Egypt's El-Garhy seeks stability in reform
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Egypt's El-Garhy seeks stability in reform

Amr El-Garhy is Egypt’s ninth finance minister in a little over six years – and after a revolution, a coup d’état and last year’s surprise currency flotation, the Egyptian economy is in desperate need of stability. El-Garhy talks to Euromoney about the challenges facing him and the country.

Amr El-Garhy is Egypt's ninth finance minister since January 2011

The first thing one notices when entering Amr El-Garhy’s office in Cairo’s finance ministry is what is screening on the television by his desk. Finance ministers often keep Bloomberg, CNBC or one of the many news channels running in their offices. On this mid-July day El-Garhy’s office TV is showing a sports channel, specifically football.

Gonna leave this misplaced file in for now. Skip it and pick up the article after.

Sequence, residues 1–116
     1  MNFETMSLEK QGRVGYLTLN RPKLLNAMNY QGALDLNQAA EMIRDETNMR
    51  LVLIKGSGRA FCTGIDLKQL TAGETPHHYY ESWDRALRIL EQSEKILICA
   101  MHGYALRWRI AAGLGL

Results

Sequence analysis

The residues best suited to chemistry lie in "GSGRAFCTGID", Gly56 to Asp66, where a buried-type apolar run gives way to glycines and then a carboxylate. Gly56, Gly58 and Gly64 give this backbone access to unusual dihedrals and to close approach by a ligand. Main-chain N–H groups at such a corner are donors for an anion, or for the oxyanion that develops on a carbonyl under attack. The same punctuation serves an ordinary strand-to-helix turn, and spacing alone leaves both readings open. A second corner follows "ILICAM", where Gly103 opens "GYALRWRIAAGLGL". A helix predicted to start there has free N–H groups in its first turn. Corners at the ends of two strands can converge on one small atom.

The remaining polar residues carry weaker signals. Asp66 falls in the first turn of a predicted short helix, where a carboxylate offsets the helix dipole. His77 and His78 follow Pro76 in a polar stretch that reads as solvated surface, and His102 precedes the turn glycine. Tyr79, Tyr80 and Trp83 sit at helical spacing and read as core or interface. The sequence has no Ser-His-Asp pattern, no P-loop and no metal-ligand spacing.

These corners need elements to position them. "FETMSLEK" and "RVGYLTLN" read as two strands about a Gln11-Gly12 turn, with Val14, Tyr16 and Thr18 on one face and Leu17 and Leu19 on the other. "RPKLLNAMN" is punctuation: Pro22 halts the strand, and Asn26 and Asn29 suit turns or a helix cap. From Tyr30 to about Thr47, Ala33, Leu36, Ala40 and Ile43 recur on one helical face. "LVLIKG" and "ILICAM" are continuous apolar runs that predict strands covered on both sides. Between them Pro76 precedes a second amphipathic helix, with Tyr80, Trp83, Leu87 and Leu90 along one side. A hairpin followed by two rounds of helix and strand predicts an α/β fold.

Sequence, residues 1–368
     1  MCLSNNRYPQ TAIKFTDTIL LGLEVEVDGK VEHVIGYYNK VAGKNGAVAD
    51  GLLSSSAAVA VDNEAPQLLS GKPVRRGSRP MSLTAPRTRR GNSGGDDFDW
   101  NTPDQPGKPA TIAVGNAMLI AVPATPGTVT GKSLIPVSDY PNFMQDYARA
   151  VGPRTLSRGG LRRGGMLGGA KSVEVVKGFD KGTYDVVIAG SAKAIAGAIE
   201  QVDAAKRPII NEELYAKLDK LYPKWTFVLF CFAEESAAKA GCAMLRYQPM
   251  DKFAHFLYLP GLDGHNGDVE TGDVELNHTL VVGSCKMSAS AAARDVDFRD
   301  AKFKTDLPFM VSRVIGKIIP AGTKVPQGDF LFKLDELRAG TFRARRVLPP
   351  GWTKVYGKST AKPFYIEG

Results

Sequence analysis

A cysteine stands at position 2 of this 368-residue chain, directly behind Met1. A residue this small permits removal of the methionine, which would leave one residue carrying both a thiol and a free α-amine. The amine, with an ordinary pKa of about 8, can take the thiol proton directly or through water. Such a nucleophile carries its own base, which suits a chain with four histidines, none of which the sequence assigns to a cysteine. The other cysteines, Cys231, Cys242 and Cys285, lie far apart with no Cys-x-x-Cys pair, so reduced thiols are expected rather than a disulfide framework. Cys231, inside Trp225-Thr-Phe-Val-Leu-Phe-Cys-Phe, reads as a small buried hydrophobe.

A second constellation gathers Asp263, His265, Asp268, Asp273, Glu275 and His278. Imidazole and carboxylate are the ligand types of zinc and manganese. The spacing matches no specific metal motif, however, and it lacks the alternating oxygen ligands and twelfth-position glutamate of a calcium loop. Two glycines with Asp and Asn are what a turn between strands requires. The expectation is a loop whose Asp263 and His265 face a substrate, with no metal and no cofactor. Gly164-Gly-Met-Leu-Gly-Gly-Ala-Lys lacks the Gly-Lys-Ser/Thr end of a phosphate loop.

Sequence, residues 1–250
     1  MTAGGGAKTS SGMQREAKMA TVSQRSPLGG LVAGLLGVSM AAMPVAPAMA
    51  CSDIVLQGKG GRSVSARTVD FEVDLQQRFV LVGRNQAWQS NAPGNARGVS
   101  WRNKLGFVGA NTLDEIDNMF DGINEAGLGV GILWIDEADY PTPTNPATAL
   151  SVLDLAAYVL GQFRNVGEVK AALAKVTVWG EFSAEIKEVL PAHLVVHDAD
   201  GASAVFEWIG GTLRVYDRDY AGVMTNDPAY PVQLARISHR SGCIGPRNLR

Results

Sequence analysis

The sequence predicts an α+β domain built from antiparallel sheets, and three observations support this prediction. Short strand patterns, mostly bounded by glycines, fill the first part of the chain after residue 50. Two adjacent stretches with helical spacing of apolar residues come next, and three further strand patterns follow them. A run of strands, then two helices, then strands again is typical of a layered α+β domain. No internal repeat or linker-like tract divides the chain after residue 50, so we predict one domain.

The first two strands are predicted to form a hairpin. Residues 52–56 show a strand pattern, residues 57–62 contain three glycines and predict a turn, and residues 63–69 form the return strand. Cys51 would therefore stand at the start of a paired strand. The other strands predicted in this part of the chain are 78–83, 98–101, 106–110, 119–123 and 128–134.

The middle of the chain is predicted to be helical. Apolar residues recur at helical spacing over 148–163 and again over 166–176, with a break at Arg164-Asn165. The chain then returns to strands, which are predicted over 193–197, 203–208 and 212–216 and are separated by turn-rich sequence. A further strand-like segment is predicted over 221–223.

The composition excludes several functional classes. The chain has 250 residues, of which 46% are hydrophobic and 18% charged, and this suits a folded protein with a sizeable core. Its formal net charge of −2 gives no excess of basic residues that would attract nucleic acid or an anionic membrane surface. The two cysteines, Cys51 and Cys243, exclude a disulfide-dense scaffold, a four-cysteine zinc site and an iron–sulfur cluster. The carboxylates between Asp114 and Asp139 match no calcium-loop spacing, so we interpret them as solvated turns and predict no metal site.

“Sometimes you need to see some things that cheer you up,” El-Garhy explains, without apology, “and not all hard figures.

“They drive me mad… oil prices, wheat prices, stockmarket… everything. You need some distraction.”

A schoolboy karate enthusiast, El-Garhy says in football he is a Barcelona fan these days. But he also supports “the team where Mohamed Salah plays.” That makes the minister a Liverpool fan since June; ‘The Reds’ are the sixth club where the crack Egyptian midfielder has played since 2011.

That is a lot of changes for the footballing Salah in six years. But it is nothing compared with the changes at Egypt’s finance ministry. El-Garhy is the ninth man to occupy the post since the tumult of Egypt’s January 2011 revolution.